• Language Arts
    • Oral Expression and Listening
    • Research and Reasoning
    • Writing and Composition
    • Reading for All Purposes

21st Century Skills

  • Collaboration
  • Critical Thinking & Reasoning
  • Information Literacy
  • Invention
  • Self-Direction

About the Art

Ribbon Appliqué Wearing Blanket

Ribbon Appliqué Wearing Blanket

early 1900s

Artist not known, Osage

Who Made It?

A woman from the Osage tribe sewed this blanket in the early 1900s for a special dance called the I-loⁿ-shka [ee-LONSH-kah]. European explorers entered the Osage territory in the early 1600s and the Osage began trading with the French for things like wool cloth and silk ribbon—materials that were used in the making of this blanket. Ribbonworkers are female and the art form is learned from female relatives. Each Osage ribbonworker creates her own patterns. To make the silk decorations, the artist used a template to trace a design on colored ribbon, then she cut and folded the ribbon to form stylized arrowhead shapes and horses. She then stitched each shape onto a second colored ribbon, which she sewed by hand onto the wool blanket. Once complete, the blanket would have been worn by an Osage woman over her shoulders or as a skirt. Today, artists continue to produce ribbonwork, but they might use sewing machines to construct the patterns. These blankets are still worn today on ceremonial occasions.

What Inspired It?

Every Osage who dances the I-loⁿ-shka, both male and female, wears clothing decorated with ribbonwork. Blankets like this one are often given as gifts at the dance. When worn during the I-loⁿ-shka dance, the blanket moves and sways with the dancer, surrounding him or her with a sense of history and tradition. Symbols and use of colors may vary between clans or even families. Horses, like those on this blanket, often symbolize prosperity and may also indicate a family’s name.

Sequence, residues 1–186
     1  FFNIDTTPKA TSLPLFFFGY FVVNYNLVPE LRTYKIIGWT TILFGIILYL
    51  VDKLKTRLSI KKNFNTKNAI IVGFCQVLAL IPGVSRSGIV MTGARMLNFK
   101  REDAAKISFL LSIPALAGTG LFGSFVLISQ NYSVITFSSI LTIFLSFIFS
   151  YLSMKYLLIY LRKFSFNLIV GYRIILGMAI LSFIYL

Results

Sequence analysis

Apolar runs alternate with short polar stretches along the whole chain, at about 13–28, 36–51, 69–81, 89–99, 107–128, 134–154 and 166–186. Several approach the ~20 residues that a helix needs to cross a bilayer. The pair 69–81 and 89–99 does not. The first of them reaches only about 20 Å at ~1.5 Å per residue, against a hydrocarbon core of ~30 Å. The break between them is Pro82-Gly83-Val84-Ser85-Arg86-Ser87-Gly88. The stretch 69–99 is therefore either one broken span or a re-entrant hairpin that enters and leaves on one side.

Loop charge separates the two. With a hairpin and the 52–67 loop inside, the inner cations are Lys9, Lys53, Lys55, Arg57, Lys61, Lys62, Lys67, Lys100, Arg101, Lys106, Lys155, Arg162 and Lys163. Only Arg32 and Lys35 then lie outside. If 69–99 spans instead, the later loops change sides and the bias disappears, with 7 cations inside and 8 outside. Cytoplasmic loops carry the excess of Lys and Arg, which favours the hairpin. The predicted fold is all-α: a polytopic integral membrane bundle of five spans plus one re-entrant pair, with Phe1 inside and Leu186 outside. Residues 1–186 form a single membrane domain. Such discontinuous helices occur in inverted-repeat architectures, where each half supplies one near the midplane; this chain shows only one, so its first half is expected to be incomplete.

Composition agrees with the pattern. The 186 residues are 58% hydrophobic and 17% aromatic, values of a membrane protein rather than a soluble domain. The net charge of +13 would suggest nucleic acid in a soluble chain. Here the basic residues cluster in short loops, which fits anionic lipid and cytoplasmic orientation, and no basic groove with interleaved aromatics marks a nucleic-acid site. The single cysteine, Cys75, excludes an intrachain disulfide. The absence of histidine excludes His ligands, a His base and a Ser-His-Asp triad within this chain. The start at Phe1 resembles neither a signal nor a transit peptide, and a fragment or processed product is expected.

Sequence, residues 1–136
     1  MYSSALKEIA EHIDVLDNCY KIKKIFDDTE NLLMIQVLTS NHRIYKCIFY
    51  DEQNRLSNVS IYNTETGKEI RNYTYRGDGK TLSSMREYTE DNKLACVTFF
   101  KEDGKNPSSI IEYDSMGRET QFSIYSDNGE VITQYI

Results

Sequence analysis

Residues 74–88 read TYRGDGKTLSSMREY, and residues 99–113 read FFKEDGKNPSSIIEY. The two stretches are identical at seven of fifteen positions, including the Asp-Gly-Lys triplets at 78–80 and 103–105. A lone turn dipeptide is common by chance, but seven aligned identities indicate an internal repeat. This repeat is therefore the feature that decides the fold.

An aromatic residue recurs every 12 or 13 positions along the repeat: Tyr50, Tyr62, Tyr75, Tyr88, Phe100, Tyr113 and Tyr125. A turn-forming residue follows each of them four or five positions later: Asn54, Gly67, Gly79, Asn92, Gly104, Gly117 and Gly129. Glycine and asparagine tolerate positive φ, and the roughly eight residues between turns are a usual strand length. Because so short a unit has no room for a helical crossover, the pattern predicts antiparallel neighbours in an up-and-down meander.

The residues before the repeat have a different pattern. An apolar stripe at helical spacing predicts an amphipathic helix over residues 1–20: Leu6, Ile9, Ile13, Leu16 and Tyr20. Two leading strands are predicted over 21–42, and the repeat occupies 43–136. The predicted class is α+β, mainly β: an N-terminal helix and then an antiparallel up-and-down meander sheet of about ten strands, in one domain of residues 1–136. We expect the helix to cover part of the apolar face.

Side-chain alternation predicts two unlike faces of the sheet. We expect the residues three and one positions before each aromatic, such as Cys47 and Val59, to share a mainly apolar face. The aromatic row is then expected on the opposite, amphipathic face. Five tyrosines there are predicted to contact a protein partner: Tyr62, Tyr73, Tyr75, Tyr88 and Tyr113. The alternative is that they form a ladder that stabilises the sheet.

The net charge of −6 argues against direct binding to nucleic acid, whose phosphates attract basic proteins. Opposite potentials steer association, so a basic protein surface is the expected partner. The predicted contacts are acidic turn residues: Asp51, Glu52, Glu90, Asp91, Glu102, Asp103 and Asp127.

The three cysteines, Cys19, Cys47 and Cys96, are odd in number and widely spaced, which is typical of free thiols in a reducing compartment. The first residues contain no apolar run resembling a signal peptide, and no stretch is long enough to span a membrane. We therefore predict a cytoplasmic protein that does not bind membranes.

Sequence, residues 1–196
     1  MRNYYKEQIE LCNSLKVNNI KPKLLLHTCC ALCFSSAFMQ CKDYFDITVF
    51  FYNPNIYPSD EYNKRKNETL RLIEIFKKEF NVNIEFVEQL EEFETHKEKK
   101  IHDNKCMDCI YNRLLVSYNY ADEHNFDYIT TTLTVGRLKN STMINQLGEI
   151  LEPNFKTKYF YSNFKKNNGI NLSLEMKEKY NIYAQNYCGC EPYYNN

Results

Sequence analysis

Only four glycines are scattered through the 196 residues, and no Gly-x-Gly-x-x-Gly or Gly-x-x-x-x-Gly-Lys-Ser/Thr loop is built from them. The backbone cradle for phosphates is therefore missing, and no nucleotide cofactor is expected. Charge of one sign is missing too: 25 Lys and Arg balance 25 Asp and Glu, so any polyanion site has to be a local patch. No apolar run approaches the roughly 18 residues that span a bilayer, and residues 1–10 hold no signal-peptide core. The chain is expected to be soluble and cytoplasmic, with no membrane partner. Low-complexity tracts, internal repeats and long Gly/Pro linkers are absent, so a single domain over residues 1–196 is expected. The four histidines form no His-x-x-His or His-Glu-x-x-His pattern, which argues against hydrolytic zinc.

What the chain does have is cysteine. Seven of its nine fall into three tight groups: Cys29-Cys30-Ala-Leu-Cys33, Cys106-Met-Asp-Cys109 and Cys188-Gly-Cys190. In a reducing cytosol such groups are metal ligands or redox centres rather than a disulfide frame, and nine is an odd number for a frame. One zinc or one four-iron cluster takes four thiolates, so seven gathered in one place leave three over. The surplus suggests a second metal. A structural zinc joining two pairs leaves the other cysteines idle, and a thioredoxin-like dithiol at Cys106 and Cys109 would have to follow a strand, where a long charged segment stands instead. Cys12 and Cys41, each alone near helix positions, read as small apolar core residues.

I-loⁿ-shka means “playground of the eldest son.” An eldest son is chosen keeper of the drum for a year or more. The drum-keeper chooses committee members who are knowledgeable in tribal traditions to plan the dance. His family gives gifts to committee members, pays for the dance, and prepares food for participants. Dances are held outdoors and dancers circle around a drum, moving in a counterclockwise direction. In the early days, only warriors danced the I-loⁿ-shka. Today all men and boys, and some women, dance around the singers and the drum.



The horses and border are made from silk ribbons. After the French Revolution of 1789, silk had become unpopular in Europe and the French silk industry turned to America as a market for the unwanted ribbons.

Wool Cloth
Wool Cloth

The Osage acquired wool cloth through trade with Europeans. Wool came in different colors including red, black, navy, and white.


Horses symbolize prosperity and can also indicate family names. Notice the tiny yellow beads that outline the silk horses.

Funding for lesson plans provided by a grant from the Morgridge Family Foundation. Additional funding provided by the William Randolph Hearst Endowment for Education Programs, and Xcel Energy Foundation. We thank our colleagues at the University of Denver Morgridge College of Education.